Having a bit of info regarding these large companies’ efforts in sustainability can, and should, influence your buying decisions. Drop your laptop in the bathtub? Think Dell. Desperate for a carbonated caffeine jolt? Consider Coke.
But, when you make these purchasing decisions, just make sure that you keep the bigger picture in mind – do you really need a new computer? Updating your old one is a greener option, as is bringing water in a reusable container, washing those old sneaks, or borrowing books from the library – regardless of the sustainability efforts of Dell, Coke, Nike or Amazon. Vote with your dollars when it’s appropriate to do so, remembering that even the “greenest” of products do not actually help the environment – they just hurt it less.
Look for Green Brands
That said, you’re probably thinking, “When I think of a green beverage company, I don’t think Coca Cola, I think of Green Mountain Coffee.” Did I read your mind? Cool, huh? Actually, my source is a recent Earthsense report that takes another angle, examining consumer perceptions of popular brands.
Of 350 companies studied, 35 were singled out by consumers as tops in four categories:
- Sustainable business practices
- Product impact
- Investment likelihood, and
- Recommendation likelihood
The resulting list reads like a who’s who of companies for whom green is a big part of who they are. Topping the list were grocers Whole Foods and Trader Joe’s, both of which achieved high marks on all four measures. Other familiar brands listed as “standouts” include Earthbound Farms, Tom’s of Maine, Burt’s Bees, Kashi, and Fresh & Easy. Google and Yahoo also made the list. You can download the entire report from GreenBiz.com.
On the flip side, check out Climate Watch’s list of “Climate Laggards” – those who are behind the curve on corporate responsibility and the environment. Who’s on it? Exxon Mobile (no surprise there), General Motors, and home-builder Standard Pacific.
Though some carbon-intensive industries are over-represented on the list, some companies (like GM) were singled out due to their total inaction, as they lag behind their competitors, are unresponsive to investor concerns, and fail to report their environmental impact to the public. Sounds like the trifecta of unsustainable business practices.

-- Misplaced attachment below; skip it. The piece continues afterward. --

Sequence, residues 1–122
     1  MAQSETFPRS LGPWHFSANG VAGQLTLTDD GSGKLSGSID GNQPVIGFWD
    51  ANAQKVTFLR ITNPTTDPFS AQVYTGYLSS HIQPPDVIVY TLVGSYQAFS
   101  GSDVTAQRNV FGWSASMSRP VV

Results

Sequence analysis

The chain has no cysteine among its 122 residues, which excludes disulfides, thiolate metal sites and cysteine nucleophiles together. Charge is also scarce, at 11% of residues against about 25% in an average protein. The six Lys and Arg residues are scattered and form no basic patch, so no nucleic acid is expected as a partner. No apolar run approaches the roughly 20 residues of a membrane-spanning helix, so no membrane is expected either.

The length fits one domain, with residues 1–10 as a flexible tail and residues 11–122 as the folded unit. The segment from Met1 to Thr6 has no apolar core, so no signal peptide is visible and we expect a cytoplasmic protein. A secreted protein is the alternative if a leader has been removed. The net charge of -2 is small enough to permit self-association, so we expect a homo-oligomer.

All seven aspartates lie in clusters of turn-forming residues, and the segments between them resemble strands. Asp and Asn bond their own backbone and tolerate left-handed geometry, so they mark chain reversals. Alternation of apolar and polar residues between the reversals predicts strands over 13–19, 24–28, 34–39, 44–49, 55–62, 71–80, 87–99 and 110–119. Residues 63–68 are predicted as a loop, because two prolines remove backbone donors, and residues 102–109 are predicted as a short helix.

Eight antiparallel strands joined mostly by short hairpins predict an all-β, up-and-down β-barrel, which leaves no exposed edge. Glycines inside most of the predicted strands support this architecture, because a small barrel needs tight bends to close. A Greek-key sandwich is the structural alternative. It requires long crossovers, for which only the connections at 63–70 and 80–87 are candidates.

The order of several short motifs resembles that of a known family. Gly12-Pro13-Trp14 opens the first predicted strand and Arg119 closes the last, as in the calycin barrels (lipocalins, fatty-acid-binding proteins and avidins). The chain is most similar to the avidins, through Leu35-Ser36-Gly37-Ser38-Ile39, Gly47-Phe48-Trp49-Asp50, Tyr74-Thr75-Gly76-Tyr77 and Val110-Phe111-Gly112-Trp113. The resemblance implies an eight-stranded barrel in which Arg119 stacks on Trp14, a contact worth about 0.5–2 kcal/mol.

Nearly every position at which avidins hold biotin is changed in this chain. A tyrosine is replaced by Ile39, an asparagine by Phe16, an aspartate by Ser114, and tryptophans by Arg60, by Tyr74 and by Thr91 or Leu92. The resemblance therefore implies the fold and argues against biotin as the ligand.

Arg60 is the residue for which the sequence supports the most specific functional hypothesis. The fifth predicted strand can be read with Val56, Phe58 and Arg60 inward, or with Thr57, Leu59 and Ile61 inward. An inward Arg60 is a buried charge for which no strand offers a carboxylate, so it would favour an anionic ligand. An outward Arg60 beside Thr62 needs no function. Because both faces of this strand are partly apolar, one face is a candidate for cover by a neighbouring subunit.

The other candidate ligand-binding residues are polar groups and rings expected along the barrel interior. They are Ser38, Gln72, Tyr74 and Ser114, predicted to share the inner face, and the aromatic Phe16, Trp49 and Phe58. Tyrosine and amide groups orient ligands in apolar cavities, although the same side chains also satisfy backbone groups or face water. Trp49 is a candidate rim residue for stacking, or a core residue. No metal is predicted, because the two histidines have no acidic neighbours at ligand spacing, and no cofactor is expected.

According to many analysts, the hard-hit stock market is a great place to pick up some investments on the cheap. If you’re trying to live a green lifestyle, don’t you want your investments to reflect your values? Research continues to show that companies that are strong on sustainability outperform their counterparts financially.
If you’re looking to buy stock, or just want to find out more about a particular company’s environmental performance, check out the Interfaith Center on Corporate Responsibility’s “climate risk profiles”. Covering more than 150 companies, the profiles are particularly useful because they compare companies within a sector. For more on green investing, check out last year’s post on the topic.
Buy Used Stuff
Supporting companies that get it is important when you need something new. But what if you need something that’s just “new to you”? I’m a big proponent of thrift stores, garage sales, antique stores, libraries, Craigslist, borrowing, lending and dumpster diving (OK, so I’m not quite that hard core). If there’s a way to get it used, do it. Not only will reusing or recycling something keep it out of the landfill, but it will avoid the environmental damage done by a new product, from raw material extraction to manufacturing to shipping and finally, disposal. Plus, it’ll be easier on your wallet.
However you choose to go about finding the things that you need to get through life, just keep in mind that you have a lot of power in your bank account, even if your balance doesn’t make you feel so powerful.